Abel Irving, who has died aged 93, was made an MBE for her services to education.
As a teacher at Greenock High in the 1950s and 1960s, she was a familiar and formidable sight, clad in navy jumper and heavy tweed skirt, which seemed thicker than most folk's carpets. Her hallmark, however, was her Lisle stockings: bullet-proof and brown.
Her love of Shakespeare was evident and her knowledge of his works encyclopaedic. She charmed us with Lamb, Milton, Keats and Burns, but always she spoke of Shakespeare and his plays, for she was a lover of drama and language and, to her, he was the master of both.
Mabel had been born in Greenock just as the First World War was at its height. She attended Clune Park Primary, Greenock Academy and Glasgow University. A star student, her life was jolted when her father died suddenly and Mabel felt she must become the breadwinner. She left university life to go to Jordanhill to become a teacher.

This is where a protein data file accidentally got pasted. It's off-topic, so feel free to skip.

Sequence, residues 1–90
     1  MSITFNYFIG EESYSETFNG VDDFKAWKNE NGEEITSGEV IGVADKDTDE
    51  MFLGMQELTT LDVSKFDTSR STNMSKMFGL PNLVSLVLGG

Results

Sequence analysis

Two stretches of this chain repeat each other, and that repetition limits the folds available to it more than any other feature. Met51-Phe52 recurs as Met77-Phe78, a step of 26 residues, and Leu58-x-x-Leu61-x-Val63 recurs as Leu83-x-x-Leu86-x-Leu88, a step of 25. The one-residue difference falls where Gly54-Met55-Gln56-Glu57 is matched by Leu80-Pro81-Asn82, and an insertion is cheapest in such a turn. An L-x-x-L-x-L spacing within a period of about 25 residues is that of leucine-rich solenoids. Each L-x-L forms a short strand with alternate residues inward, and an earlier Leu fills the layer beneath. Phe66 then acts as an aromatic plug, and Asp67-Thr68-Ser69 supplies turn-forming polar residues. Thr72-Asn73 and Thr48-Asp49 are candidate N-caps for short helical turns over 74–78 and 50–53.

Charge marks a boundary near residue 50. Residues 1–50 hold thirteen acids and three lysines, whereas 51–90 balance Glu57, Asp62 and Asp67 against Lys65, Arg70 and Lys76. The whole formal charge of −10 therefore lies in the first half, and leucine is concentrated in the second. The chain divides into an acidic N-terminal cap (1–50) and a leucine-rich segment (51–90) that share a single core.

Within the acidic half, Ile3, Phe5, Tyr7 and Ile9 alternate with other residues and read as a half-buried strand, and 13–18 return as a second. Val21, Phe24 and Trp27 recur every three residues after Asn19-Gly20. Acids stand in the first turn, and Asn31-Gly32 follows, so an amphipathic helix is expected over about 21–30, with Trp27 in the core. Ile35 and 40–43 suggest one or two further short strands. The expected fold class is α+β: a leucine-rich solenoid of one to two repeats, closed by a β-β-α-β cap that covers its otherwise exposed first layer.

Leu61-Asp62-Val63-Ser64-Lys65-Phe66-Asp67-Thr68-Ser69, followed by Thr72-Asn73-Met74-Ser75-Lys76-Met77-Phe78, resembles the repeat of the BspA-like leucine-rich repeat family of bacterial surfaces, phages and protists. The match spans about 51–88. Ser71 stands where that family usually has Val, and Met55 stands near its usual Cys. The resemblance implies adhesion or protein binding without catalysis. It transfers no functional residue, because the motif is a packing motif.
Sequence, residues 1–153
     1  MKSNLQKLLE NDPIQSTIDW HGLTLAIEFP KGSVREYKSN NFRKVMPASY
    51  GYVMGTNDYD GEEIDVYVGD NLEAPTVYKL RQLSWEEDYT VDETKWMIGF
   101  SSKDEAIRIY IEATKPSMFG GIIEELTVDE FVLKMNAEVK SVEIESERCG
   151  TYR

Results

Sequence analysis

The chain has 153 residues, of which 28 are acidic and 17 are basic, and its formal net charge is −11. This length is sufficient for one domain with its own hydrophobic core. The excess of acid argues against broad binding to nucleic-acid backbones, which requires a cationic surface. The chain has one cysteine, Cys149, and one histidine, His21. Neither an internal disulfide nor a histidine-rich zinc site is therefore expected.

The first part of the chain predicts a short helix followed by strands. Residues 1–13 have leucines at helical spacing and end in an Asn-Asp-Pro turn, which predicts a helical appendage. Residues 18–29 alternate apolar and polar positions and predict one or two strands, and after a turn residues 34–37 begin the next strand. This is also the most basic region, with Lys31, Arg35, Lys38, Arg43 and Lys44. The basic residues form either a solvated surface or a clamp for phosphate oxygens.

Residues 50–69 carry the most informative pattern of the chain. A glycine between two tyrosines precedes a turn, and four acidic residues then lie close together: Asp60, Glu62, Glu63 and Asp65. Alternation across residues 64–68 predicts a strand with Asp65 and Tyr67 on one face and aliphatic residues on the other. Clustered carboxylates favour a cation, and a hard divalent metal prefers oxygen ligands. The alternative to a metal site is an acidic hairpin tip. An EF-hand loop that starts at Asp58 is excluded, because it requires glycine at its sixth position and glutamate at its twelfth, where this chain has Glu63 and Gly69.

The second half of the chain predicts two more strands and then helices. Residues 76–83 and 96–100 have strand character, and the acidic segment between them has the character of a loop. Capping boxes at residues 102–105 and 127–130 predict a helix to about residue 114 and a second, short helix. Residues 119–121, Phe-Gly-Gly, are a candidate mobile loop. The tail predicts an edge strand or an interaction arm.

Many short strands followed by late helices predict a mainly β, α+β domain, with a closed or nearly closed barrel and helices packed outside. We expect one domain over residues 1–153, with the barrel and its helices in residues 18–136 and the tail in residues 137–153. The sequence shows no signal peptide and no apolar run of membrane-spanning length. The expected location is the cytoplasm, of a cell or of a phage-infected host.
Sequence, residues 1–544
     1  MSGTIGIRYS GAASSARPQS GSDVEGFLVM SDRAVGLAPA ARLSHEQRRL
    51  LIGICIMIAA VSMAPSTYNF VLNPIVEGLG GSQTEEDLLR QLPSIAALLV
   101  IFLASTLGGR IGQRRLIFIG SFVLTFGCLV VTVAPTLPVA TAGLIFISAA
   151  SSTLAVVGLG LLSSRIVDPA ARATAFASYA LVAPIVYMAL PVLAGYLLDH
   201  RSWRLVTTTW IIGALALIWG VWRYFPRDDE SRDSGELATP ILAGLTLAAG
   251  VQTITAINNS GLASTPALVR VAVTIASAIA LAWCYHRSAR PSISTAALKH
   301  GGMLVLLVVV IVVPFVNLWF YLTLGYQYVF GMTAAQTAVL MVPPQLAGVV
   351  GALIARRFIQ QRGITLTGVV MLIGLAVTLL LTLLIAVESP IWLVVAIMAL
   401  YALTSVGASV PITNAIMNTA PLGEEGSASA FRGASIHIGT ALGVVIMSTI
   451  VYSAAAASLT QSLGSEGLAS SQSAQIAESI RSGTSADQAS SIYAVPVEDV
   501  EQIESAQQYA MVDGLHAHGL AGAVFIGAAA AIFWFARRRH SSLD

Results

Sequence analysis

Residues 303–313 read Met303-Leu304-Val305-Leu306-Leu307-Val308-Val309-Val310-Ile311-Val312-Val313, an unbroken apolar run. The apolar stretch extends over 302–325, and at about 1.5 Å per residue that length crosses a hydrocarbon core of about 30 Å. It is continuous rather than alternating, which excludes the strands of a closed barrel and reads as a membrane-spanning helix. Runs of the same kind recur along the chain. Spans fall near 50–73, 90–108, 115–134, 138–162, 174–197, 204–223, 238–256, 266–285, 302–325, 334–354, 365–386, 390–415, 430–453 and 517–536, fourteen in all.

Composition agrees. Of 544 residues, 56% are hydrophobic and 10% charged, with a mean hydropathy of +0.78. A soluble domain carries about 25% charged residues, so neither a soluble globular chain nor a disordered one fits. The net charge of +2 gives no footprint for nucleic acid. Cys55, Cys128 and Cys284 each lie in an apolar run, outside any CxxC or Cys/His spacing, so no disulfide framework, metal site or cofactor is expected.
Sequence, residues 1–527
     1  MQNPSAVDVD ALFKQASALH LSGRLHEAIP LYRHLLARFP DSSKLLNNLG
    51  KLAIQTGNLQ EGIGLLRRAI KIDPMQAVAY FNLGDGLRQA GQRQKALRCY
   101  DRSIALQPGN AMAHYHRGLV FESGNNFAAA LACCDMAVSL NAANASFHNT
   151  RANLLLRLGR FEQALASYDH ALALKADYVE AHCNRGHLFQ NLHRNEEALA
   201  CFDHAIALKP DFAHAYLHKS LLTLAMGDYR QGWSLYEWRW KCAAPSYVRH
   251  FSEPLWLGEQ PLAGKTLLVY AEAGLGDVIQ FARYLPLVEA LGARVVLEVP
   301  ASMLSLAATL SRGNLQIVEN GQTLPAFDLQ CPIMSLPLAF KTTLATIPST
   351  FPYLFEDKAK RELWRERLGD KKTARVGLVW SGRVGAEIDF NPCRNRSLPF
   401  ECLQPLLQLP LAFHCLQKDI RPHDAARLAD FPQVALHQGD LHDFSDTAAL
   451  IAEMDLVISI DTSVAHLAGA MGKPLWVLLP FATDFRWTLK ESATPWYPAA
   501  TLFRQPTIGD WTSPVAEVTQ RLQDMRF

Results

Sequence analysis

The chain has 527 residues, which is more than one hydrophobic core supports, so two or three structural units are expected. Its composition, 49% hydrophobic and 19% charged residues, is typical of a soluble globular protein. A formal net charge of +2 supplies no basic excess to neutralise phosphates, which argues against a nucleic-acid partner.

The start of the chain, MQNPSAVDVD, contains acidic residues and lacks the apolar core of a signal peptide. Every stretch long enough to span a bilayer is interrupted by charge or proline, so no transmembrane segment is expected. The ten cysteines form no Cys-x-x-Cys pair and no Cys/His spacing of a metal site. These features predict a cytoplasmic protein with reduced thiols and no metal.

One of the lecturers, a Mr Campbell, with amazing foresight, told her: "Your name will travel where your feet won't take you." Mabel's poetry has, indeed, done just that for, as a bard of Greenock Burns Club, her annual poem reached every corner of the globe.
There are many legacies of Mabel Irving, and one was the formation of an after-school drama club at Greenock High. It was ahead of its time and produced many fine actors: Bill Bryden, Richard Wilson and Mary Riggans are just three who achieved great prominence on stage and television.
Although Mabel's passion was for Shakespeare's plays, it was in Burns's poetry and the Doric that she derived her most joyous satisfaction.
Speaking, writing and teaching on the Ayrshire bard was to become the most dominant feature of her later life. She was recognised by the Burns Federation and given honorary membership.
She was the first woman member of Greenock Burns Club and, having cracked that particular egg, became its first woman president.
These and so much more are the memories of one of Mabel's boys, but I know that there are many whose memories are of her time at Finnart School, where she was just as proud of her "girls" as she was of her high school "boys". There are those, too, who remember her from Ladyburn School, Greenock, or her last teaching years in Grove Park Secondary.
In her final years, Mabel's little room in Bagatelle Nursing Home in Greenock was her final classroom. In it, she held court, discussed words and verses, and taught, for to the very end she was a teacher. The icing on the cake was unquestionably the award of an MBE in June 2008.